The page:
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Ionian Islands - Enviornment

Ionian Islands Environment

The Ionian Islands are scattered off the Greek mainland's west coast. Corfu is the northernmost island, its length lying parallel with both Albania and Epiros in Greece's north, and its northern tip a mere 100km (62mi) or so from Italy's heel. Paxi comes next, followed by Lefkada which is linked to the mainland region of Sterea Ellada by a causeway. Kefallonia is just a little further south, with Ithaki snuggled along its eastern flank. Zakynthos lies offshore the Peloponnese, and almost as an afterthought there's Kythira, separated from Zakynthos by a long stretch of sea and lying between the mainland's southern tip and the island of Crete. Kefallonia and Corfu are the largest islands in the group, and Paxi is the smallest. Tourism development tends to be concentrated on the islands' gently sloping east coasts, leaving the rocky, cliff-edged west coasts to the birds, trekkers and beach-lovers with access to a boat.

The islands shelter a wide variety of bird life. Wagtails, tits, larks, swallows and thrushes make their homes in the olive groves and remaining forests, and migrating herons and egrets stop off while making the long haul from Africa to Europe. European mammals such as foxes, squirrels, hedgehogs and bats are common, as are lizards, snakes and butterflies; dolphins used to be frequent visitors to the waters off Paxi but sightings are rare nowadays. The Ionian Sea is most famous for housing around 40 monk seals, Europe's rarest mammal, but with tourism ever increasing their future looks grim. The waters surrounding Zakynthos are also home to Europe's sole remaining large sea turtle colony, that of the loggerhead. Greece has long turned a blind eye to the environmental dangers posed by tourism development, but despite such complacency the National Marine Park of Zakynthos has at long last been established to provide some protection for the island's endangered loggerhead turtles, monk seals and coastal and marine ecosystems. The hideous resort on the Bay of Laganas has been particularly targeted by wildlife groups, and Greece is facing the judgement of the European Court for failing to comply with the EU's environmental directives.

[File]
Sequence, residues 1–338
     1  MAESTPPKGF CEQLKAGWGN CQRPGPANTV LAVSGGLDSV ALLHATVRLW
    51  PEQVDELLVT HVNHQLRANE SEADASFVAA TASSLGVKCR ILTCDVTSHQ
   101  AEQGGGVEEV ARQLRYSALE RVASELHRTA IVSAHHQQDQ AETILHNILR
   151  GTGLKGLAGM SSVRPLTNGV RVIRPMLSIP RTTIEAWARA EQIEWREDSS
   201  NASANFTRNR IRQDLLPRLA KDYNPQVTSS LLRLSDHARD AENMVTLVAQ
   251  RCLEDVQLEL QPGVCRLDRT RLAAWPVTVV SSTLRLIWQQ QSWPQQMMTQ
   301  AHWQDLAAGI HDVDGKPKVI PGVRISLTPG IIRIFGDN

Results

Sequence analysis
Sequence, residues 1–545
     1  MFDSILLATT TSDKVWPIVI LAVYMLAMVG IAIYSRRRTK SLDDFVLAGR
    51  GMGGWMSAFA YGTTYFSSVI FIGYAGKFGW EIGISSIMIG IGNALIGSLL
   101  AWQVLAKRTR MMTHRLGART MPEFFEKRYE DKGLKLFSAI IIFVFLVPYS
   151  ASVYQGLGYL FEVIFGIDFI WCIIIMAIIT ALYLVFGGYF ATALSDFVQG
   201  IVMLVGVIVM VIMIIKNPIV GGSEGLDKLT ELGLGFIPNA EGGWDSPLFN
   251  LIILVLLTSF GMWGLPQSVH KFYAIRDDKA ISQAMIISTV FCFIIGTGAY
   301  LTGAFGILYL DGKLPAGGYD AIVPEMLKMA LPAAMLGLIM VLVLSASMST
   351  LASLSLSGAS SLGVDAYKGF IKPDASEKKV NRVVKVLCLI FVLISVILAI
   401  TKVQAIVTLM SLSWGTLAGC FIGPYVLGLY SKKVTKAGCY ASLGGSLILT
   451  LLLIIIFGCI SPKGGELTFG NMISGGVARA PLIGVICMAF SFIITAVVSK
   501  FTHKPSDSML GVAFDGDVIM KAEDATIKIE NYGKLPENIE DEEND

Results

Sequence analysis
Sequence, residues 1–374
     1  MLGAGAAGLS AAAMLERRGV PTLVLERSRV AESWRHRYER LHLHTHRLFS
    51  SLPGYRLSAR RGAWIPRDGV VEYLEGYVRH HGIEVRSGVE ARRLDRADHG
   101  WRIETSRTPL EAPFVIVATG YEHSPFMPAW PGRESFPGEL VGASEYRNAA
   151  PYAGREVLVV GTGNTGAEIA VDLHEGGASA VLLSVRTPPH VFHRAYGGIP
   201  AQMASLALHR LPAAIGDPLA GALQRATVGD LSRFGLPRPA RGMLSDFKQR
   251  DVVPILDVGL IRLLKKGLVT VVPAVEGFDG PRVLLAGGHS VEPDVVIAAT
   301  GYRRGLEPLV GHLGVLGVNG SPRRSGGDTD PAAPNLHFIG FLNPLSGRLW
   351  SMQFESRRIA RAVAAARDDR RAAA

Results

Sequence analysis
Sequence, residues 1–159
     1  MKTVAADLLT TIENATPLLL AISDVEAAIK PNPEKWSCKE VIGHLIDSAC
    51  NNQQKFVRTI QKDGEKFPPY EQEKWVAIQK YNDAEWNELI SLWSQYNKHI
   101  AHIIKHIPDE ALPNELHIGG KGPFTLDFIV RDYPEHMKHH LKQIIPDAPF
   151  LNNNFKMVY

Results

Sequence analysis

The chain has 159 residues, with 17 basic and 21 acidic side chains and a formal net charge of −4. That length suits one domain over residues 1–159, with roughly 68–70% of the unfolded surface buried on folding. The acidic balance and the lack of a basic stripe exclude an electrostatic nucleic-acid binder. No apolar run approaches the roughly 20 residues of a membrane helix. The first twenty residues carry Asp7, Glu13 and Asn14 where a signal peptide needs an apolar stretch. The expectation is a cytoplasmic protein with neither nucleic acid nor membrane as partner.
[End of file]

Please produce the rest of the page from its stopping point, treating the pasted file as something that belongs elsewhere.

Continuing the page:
Unlike the stark and often treeless islands of the Aegean, the Ionians are covered with luxuriant vegetation, thanks to the useful rainfall they receive - Corfu cops a whopping 240mm (10in) average downpour in December, and is the wettest place in all of Greece. Tropical orchids, wildflowers, eucalypts and acacias combine with northern European greenery such as oaks and maples. Despite their lush vegetation and high precipitation, the islands can be stiflingly hot and muggy, as the humidity-reducing meltemi passes them by. To compensate, winters are less severe than on the mainland. Average Corfu temperatures range from 32°C (90°F) in July-August to 15°C (55°F) in December-February.

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